Canadian artist Nicole Dextras has created an amazing series of three-dimensional words fabricated by hand in ice. The installations, "speak to how the viewer’s gaze frames and informs the landscape. The installations have varied from 8-foot high ice letters on the Yukon River to 18-inch high letters set in downtown Toronto."
The letters are then left to let the temperature of the space to affect their meaning, altering their scope through the melting process.
I live in a multi-unit urban building, and so share a small yard with three other folks/couples. We have a sidewalk on our street, and a little drive, plus a walkway that unites all of our doors. All concrete, and usually all shoveled when it's snowy out. (By me. You're welcome, guy on the end).
And yet, it never fails. One of my neighbors will walk through the yard when it's snowy out. I have no idea why. One, it gets your shoes unnecessarily wet. Two, it's safer and only takes ten extra seconds to walk on the sidewalk THAT I JUST SHOVELED FOR YOU. But, three, and most importantly,
Swiss artist Felice Varini has been experimenting with optical illustions for nearly thirty years, and from the impressive scale and experience of these anamorphic installations, I think it's say to say he's figured it out.
Last summer, during my-mom-is-so-awesome-she-bought-me-a-trip-to-Columbus-Indiana-which-is-full-of-amazing-modern-architecture trip (see here), we visited the Indianapolis Museum of Art, which features a pretty great collection, given its size. In the contemporary wing, on the fourth floor, we were fortunate enough to see (and stand on) "Floor" by Do Ho Suh.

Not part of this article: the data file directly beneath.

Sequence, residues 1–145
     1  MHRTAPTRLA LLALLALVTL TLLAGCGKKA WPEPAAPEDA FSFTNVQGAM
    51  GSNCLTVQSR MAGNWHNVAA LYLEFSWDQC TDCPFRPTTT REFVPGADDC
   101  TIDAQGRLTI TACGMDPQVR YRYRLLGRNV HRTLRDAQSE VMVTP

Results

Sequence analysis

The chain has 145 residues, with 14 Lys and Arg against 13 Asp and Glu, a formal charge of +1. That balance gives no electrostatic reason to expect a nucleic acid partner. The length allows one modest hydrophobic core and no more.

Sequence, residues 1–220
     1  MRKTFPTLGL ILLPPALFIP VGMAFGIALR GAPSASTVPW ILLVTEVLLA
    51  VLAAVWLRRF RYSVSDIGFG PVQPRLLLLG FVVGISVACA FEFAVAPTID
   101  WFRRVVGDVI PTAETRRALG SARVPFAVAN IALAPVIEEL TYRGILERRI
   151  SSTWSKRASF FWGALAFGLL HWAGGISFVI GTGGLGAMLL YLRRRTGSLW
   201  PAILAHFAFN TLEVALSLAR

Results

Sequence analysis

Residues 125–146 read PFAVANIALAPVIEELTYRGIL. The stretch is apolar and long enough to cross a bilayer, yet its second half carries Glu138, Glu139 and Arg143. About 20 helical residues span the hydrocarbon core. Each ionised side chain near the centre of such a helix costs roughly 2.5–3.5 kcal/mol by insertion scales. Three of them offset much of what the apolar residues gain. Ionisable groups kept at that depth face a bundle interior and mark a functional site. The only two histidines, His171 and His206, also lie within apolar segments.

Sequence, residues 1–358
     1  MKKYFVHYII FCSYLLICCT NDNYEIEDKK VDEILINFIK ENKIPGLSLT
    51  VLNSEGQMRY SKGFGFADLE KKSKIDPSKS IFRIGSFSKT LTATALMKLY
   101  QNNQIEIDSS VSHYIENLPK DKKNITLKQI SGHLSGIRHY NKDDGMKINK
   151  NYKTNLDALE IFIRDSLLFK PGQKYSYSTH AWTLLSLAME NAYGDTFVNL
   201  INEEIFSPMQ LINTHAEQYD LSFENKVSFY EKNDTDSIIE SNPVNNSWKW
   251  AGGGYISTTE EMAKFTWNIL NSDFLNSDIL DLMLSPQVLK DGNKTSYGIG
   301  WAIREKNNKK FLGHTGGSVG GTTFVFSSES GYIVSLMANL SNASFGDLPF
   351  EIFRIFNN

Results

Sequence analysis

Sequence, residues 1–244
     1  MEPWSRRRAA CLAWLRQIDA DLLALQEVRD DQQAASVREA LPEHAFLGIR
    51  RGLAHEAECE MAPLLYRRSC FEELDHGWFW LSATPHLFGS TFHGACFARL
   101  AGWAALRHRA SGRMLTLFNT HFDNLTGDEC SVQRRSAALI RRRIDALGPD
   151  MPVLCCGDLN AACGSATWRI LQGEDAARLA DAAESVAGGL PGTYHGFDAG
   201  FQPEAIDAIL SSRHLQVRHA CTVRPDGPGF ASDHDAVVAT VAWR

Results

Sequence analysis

And it was terrifying.
Chicago-based artist Kurt Perschke has been working for years on "The Red Ball Project," a global photography adventure featuring some of the world's greatest cities and a 15-foot inflatable red sphere.
The ball becomes a temporary installation, but also engages the population in a unique way. Perschke says,
Through the RedBall Project, I utilize my opportunity as an artist to be a catalyst for new encounters within the everyday. Through the magnetic, playful, and charismatic nature of the RedBall the work is able to access the imagination embedded in all of us.
I believe it's a scientific fact that kids love stickers. They'll adhere them to any surface they can get their little hands on. This past December, Yayoi Kusama constructed a large domestic environment at the Gallery of Modern Art in Brisbane, painted it entirely white and then handed out colored dot stickers to the children who visited the museum. The kids were invited to put the stickers anywhere they chose in the blank room, transforming it into a prismatic explosion of color and sensory overload.
Shanghai-based multidisciplinary design studio Super Nature created this (very merry) art installation called Weaving Forest for the Detour 2011 festival in Hong Kong. The installation consists of two giant wooden reindeer sculptures and a series of smaller structures connected by long strings of yarn.